Parametric or Graphic Equalization…That is the question
Mobile audio is a personal thing. When we’re listening to the stereo while cruising down the highway just shy of the speed of light, we’re in our private domain; our "space" so to speak. All of the different shapes, angles, and materials used in the design and construction of our "space" will effect the sound of the music. Soft, padded materials absorb sounds while harder materials reflect sounds. Speaker placement is a manufacturing afterthought. The results are almost always negative. Vehicles are just not designed for the accurate reproduction of music. Crossover points, speaker placement, and level setting can only do so much. These adjustments cannot compensate for all of the negative effects the car interior has on the music we listen to.
Once all other aspects of your system design have been addressed, the next best way to get your favourite music to sound as close as possible to what the artist (or recording engineer) intended you to hear, or to tailor it to your own particular taste, is by the use of a precision equalizer. Their ideal function is to modify the sound of an audio system to counteract the negative changes produced by the listening environment (whew!). In our case, this would be the vehicle we installed our sound system into.
The end result of correctly using equalization in an audio system will be vastly improved sound quality. The way in which the two common equalizer types function however, is slightly different.
Equalizers, or EQ’s as we’ll call them from now on, are signal processors. They take the incoming music signal, modify it, and send it out to the crossover(s) and amplifier's). They are usually categorized by the number of segments or "bands" they have. Each "band" of an EQ effects a certain segment of the audio frequency spectrum (typically 20Hz to 20,000Hz). EQ’s can range from a simple 1 band, all the way up to 20, 30 or even 60 bands.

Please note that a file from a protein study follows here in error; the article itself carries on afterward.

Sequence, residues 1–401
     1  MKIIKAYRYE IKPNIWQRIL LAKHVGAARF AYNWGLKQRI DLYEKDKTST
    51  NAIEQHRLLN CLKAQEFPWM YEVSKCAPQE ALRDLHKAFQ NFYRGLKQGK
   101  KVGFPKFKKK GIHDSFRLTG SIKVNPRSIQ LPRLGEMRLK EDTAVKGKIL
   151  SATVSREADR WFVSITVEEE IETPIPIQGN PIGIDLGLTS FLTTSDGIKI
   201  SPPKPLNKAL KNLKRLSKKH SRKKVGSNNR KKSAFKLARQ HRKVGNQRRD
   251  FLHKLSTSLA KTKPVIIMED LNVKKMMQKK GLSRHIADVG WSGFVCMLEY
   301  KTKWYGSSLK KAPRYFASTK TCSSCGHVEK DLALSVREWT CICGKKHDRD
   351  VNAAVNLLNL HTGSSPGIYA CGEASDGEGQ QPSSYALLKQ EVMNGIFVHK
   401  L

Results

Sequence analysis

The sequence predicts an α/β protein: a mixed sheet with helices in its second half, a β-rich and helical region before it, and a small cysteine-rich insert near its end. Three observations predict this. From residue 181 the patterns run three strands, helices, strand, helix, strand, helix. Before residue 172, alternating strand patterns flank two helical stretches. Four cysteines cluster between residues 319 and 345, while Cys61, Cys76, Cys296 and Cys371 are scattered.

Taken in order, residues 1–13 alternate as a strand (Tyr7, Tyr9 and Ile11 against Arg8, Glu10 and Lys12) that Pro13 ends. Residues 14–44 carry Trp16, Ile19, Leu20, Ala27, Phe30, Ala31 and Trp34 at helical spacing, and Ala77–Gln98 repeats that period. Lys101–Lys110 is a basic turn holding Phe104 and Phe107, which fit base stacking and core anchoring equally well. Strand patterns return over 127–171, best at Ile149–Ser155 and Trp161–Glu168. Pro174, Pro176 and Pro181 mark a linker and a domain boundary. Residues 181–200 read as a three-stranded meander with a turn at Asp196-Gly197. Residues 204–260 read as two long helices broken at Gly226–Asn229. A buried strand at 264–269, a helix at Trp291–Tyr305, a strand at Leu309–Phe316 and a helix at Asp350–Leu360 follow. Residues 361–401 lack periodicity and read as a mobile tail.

To keep things simple, individual EQ bands, both graphic and parametric, consist of both high-pass and low-pass filters. They can actually be thought of as a type of band-pass crossover. The high-pass point allows frequencies above it to be effected, while the low-pass point allows frequencies below it to be processed. The level (Boost / Cut) or relative volume of each band can then be adjusted as desired.
Graphic EQ’s are so named because the position of their slide controls (if so equipped) form a graphic or visual representation of the desired results. The modified frequency response is then referred to as the "curve" of the system. This makes them relatively easy to use.
Graphic EQ’s have fixed frequency bands; the center frequency of each control cannot be changed. They are usually classified by the spacing of these frequency controls. Typically one, one-half, or one-third octave.
The frequencies above and below the center frequency that will be effected by any individual control is called its bandwidth or "Q". Typically, the "Q" of each band will change with the amount of boost or cut applied. The more boost you apply to an individual band, the narrower (more "peaky") the Q will become. Lower amounts of boost will effect a wider area. This results in smoother overall frequency response. The bandwidth on some graphic EQ’s does not change with boost or cut. This type of EQ is called "Constant Q".
When tuning a graphic EQ, the problem frequency needs to be at (or at least close to) the center frequency of one of the bands to allow a correction to be made. The more bands the EQ has, the greater the ability to correct problem areas.
Parametric EQ’s provide for the adjustment of three parameters and have three controls: Frequency, Gain (boost/cut), and Bandwidth (or Q). This arrangement can provide the ultimate in EQ control and flexibility.